The bigger that government gets, the further it grows from the people. From the massive expansion of health care to increased environmental controls, higher taxes, and mind-numbing budget deficits, people feel overwhelmed and powerless. It doesn't help when Congress closes its doors to draw up the health-care bill in conference committee—signaling a request to the public not to butt into its affairs.
Where will all of this lead? There are a few likely scenarios. Government could get a dose of reality and put the brakes on. But its leaders give us no indication of restraining themselves. A second scenario could drive us off a cliff into national bankruptcy, which has happened in many countries whose governments spend irresponsibly. The third possibility, and the one I think we are on the verge of witnessing, is that the civil war over which philosophy will dominate how we are governed could spur a populist revolt.
Populist movements in the U.S. can be healthy, as when Andrew Jackson broke the grip of the Eastern elite on the presidency, or when William Jennings Bryan, three-time Democratic candidate for president, led a movement to give greater voice to the disillusioned masses. But this time, a massive wave of antigovernment sentiment could shatter the political consensus, which may well leave the country virtually unmanageable.
Red, Blue and Black and White
The inevitable consequence of all of this should deeply trouble Christians, who, of any segment of our society, understand the necessity of a strong government. The Bible teaches that God ordains government, appoints leaders, and requires obedience so that we might live peaceable lives.
Why is this? God recognizes that among fallen humans in a fallen world, even a bad government is better than no government. No government leads to chaos and mob rule. When order breaks down, justice is inevitably undermined. As Augustine of Hippo argued, peace flows from order, and both are necessary preconditions to the preservation of liberty and some measure of human dignity and flourishing.
This is why great leaders of the faith throughout history have held government in such high esteem. Some, such as John Calvin, considered the magistrate the highest of vocations.
Of course, while we have a high view of government, it isn't a blank check. Christian doctrines such as sphere sovereignty, subsidiarity (nothing should be done by a larger, complex organization when a smaller organization can accomplish it), the balance of power, and God's transcendent law must hold government in check. So if Washington has lost touch with the people, as Christians we should work fervently to reform these systems. Real reform may even have to come through an independent commission like Securing America's Future Economy (SAFE), for which Congressman Frank Wolf has tirelessly advocated.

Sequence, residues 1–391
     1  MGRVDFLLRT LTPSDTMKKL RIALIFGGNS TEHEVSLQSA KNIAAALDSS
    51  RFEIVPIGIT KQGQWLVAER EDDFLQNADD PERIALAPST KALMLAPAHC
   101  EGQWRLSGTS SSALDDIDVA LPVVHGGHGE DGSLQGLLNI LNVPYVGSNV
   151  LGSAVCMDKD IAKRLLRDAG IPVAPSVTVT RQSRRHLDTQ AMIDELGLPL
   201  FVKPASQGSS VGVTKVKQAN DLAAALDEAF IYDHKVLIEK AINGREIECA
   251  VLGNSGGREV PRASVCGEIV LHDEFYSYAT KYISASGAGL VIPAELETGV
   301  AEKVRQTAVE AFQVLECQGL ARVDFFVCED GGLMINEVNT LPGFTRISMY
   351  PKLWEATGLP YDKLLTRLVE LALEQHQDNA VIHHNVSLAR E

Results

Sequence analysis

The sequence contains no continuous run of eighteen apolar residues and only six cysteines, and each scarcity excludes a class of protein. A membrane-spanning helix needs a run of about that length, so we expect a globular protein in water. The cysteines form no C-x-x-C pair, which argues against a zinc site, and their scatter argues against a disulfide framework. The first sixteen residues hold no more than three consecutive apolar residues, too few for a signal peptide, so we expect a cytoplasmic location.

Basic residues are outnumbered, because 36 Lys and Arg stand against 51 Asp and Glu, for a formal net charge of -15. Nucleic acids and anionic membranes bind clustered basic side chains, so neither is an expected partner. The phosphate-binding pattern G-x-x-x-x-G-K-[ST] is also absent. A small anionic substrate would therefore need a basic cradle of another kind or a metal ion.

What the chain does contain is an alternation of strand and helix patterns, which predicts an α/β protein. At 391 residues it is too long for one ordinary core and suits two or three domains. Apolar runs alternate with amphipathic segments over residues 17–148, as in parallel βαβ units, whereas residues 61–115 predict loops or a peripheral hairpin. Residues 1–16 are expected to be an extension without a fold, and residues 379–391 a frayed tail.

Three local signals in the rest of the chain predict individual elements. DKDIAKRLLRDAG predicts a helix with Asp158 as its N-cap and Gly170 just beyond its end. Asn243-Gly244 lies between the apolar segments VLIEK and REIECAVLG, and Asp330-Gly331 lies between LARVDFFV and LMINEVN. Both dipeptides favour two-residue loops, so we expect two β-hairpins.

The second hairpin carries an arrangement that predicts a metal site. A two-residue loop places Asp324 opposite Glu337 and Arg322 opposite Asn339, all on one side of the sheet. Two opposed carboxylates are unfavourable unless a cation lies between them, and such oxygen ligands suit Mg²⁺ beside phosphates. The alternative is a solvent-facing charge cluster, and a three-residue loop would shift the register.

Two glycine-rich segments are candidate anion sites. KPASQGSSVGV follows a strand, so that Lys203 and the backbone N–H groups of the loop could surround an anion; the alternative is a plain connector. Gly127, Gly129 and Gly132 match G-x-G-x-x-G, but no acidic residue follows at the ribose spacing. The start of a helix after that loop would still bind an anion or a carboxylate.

The tea party movement may have a lot of traction in America today, but it makes no attempt to present a governing philosophy. It simply seeks an outlet—an understandable one—for the brooding frustrations of many Americans. But anti-government attitudes are not the substitute for good government. We should be instructing people enraged at the excesses of Washington and the growing ethical malaise in the Capitol to focus their rage at fixing government, not throwing the baby out with the bath water.
We Christians are to be the best citizens, praying for our leaders and holding them in high regard, even as we push for the reforms desperately needed to keep representative government flourishing. Only when we funnel frustrations into constructive reformation can we expect a government that is truly of the people, by the people, and for the people.
Until we have such a government, we will continue to witness today's civil war as the two factions fight for control. This is why we're seeing such hysterical rhetoric from the Left, which, with the loss of the House in 2010, fears it's losing its power—and power is all that matters. The Right is just as bad. Some leaders now say that the Republicans will try to impose their will on everyone else—an attitude repugnant to democratic governance.
Excerpted from The Sky Is Not Falling by Charles Colson. Copyright © 2011 Charles Colson. Excerpted by permission of WORTHY PUBLISHING.
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Posted September 25, 2011